And as needed, we have begun fleshing out more details, and as needed I have been attempting to sow the seeds of an overarching plot to get the players tangled up in. And thus far, it has been a good experience. The players’ backstories are giving me plenty of fodder to be sure. Everyone has come up with enough of a history and origin to give me some good plot hooks, and to tailor certain encounters to appeal to certain backgrounds, but as the PCs navigate these encounters, they are themselves shaping how my story will go.
We start a story. I establish the scenario and give the group time to formulate a plan. Due to the fact that our port city is only conceptualised in the broadest strokes, they have every avenue available to them when it comes to where they can go and who they can talk to. Locations, NPCs and their relationships with those people are up for grabs.
You would think this might be viewed as an easy or win button situation, but that’s where I come in. The Dungeon Master’s role is to create and referee the challenges the party will face, so I do my best to add an element to these people and places as they arise. Which usually means putting some kind of roll to the group.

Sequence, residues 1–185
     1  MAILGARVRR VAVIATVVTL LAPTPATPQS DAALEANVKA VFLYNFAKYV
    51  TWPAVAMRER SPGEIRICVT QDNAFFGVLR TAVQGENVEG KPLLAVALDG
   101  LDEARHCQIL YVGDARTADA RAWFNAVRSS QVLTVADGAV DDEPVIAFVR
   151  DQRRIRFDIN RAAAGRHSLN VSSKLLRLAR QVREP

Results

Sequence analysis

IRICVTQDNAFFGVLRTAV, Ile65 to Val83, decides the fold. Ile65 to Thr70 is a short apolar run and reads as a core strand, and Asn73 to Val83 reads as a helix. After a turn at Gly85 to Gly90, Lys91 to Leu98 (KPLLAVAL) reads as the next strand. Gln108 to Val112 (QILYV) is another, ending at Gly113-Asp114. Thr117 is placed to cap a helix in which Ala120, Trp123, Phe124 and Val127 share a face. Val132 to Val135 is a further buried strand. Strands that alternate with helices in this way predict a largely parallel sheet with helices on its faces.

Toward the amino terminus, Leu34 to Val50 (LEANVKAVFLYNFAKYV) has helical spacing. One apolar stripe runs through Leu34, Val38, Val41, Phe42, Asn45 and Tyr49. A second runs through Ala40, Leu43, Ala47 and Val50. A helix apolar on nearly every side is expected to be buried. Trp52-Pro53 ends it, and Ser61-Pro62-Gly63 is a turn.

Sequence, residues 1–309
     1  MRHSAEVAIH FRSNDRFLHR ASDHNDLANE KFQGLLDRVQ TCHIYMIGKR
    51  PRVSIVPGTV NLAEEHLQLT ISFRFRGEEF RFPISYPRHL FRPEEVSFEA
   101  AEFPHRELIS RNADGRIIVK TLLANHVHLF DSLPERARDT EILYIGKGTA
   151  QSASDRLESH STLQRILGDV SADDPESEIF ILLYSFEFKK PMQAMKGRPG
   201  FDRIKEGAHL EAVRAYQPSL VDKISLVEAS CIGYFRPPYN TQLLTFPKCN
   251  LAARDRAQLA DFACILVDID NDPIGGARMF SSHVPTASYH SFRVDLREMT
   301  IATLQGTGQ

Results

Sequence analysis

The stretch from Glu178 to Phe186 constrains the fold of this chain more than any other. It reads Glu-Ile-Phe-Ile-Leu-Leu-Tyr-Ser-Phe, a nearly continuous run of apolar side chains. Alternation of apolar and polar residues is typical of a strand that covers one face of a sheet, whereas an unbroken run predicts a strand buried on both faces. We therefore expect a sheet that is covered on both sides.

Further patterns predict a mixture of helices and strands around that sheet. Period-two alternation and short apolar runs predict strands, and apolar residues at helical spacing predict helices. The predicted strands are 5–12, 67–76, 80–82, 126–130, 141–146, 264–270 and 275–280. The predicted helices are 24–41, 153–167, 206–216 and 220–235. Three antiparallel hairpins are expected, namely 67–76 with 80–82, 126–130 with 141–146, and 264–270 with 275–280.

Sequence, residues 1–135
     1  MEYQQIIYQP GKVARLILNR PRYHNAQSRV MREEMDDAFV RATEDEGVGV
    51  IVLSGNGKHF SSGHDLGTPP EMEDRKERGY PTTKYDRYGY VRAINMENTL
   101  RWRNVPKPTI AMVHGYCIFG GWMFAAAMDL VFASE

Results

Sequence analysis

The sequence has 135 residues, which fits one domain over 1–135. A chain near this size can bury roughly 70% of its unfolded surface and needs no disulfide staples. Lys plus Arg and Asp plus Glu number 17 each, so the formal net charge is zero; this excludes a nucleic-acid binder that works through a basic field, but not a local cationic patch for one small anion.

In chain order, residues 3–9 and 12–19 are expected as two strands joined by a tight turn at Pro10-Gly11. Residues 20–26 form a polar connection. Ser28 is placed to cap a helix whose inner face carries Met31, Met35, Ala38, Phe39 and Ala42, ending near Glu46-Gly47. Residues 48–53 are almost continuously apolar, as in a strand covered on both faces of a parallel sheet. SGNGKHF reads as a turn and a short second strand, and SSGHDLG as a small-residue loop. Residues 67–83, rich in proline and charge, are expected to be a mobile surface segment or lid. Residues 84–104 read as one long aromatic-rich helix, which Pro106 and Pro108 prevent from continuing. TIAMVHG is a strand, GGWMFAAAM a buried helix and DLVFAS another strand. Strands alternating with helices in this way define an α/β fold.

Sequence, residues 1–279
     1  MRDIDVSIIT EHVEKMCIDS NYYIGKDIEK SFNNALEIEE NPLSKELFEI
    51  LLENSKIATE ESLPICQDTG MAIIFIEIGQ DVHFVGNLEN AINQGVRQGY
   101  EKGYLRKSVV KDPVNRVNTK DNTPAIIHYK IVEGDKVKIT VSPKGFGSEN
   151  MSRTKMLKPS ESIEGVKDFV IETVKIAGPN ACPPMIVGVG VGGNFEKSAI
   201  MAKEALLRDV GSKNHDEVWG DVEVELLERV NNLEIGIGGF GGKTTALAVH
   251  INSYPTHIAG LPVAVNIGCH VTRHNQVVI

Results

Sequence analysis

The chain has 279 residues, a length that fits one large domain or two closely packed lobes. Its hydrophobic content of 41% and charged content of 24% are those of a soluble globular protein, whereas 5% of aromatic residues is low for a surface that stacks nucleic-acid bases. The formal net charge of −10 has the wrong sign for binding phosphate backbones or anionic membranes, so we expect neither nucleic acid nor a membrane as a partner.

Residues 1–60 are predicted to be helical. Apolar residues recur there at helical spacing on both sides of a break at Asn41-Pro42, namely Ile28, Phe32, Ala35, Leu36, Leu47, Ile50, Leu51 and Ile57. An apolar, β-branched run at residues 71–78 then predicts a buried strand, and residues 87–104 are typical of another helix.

The party is currently adventuring at level four. They are no longer a wet behind the ears troupe of rat slayers, but they are certainly not the epic heroes the city needs. However, my players are not very lucky. They just don’t get stellar roles all the time. So when they go off to have a chat with the local dreamleaf dealer, or bribe the quartermaster or try and pass along a suitors’ gift to the moneylender’s daughter, things just have a habit of not going their way. Low roles or bad choice of skills to use have kept things challenging for my little group of would be heroes, and given me no small source of story for them to enjoy.
The challenges I am facing as a DM are as they have ever been since forming the Bracebridge Tabletop Gaming Community, and even further back to Game On when it was open.